Eric Lankford is not eligible for parole.
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A grand jury has decided that a Spartanburg teenager accused of killing three family members will be charged as an adult.
Eric Lankford, who is now 15, was indicted on three counts of murder and possession of a gun during a violent crime.
On Jan. 17, 2011, Lankfords father, Joe Robert Lankford, 44, and his great-aunt, Virginia Dare Gaston, 83, and his grandmother, Rachel Gaston Lankford, 80, were killed at their home. A police report said the victims were found in different rooms and that all three had been shot in the face or head.
Prosecutors said Eric Lankford calmly called 911 and told a dispatcher that he had shot his relatives with a .22-caliber rifle. He told dispatchers he would be waiting for them at the home.
When officers arrived, the teen came out of the house with no shirt on and his hands in the air.
A .22 caliber rifle was found on the table in the living room, the report said. Fisher said the teen’s father had given the rifle to his son as a birthday gift four months before the shootings.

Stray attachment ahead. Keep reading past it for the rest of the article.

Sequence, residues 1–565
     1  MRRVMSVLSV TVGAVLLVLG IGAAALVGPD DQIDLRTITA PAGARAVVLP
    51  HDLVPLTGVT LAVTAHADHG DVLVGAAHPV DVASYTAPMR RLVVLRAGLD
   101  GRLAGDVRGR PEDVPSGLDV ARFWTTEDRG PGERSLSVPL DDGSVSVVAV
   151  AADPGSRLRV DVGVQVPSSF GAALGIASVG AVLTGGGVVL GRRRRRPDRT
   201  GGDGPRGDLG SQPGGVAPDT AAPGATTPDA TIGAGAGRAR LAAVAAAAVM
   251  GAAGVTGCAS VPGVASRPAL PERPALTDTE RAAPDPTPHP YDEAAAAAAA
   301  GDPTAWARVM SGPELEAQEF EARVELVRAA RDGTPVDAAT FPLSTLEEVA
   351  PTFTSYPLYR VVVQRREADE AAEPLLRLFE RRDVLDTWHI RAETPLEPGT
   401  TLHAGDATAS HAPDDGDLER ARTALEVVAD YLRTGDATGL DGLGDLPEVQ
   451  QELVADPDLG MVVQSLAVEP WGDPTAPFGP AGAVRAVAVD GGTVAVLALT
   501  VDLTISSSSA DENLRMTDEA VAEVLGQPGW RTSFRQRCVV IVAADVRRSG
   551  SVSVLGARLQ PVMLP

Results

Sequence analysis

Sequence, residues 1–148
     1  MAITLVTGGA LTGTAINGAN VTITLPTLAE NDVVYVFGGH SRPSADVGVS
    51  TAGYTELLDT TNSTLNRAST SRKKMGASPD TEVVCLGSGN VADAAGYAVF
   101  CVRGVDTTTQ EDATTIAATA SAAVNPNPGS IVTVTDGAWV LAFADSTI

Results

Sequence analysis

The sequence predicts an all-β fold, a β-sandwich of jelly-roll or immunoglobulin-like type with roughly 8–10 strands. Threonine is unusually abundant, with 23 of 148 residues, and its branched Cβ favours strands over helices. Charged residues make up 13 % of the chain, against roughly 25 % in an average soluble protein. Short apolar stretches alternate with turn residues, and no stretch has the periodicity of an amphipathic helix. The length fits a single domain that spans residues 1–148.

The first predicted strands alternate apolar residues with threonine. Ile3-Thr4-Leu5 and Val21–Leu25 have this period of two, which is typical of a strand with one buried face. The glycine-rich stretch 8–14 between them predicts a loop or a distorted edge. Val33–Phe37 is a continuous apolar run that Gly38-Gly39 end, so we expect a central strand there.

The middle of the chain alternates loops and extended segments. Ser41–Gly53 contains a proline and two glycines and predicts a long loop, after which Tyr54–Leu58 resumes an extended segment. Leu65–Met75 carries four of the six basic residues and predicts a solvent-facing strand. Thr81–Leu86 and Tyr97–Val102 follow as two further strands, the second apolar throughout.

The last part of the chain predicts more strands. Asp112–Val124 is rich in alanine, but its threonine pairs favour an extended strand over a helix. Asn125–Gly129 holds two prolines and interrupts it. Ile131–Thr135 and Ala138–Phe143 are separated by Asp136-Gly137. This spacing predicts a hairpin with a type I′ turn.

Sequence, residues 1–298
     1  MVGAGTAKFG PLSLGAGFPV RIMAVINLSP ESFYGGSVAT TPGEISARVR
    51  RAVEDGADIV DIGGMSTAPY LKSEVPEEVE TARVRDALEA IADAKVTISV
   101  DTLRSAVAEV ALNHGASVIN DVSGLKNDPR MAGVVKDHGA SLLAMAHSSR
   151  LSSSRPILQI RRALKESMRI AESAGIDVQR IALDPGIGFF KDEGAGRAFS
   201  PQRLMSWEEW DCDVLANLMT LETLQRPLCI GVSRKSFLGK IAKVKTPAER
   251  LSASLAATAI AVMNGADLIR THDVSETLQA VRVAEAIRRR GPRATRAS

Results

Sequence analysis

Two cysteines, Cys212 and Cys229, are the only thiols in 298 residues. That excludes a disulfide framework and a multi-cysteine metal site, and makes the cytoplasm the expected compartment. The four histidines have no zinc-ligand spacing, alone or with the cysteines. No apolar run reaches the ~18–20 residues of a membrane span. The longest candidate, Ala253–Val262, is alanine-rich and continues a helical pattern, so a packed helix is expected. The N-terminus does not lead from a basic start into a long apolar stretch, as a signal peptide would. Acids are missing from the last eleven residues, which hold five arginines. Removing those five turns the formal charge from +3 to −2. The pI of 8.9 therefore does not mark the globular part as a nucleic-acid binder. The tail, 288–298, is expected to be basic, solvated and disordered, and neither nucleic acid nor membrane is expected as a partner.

Eric Lankford has been held at the Department of Juvenile Justice since his arrest.
A court appearance is scheduled next month.
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A Spartanburg teen has been sentenced to 40 years in prison for killing three relatives.
Prosecutor Barry Barnette said Thursday that 18-year-old Eric Lankford was sentenced after pleading guilty but mentally ill to three counts of murder and possession of a weapon during a violent crime.
Eric Lankford was accused of killing his father, great aunt and grandmother in 2011. Forty-four-year-old Robert Lankford and 83-year-old Virginia Gaston died when they were shot at their home. Eighty-year-old Rachel Gaston Lankford died at a hospital.
Prosecutors say the teen calmly called 911 and told a dispatcher had shot his relatives with a .22-caliber gun. Barnette says he was found competent to stand trial but was found to have abnormal brain development and learning disabilities.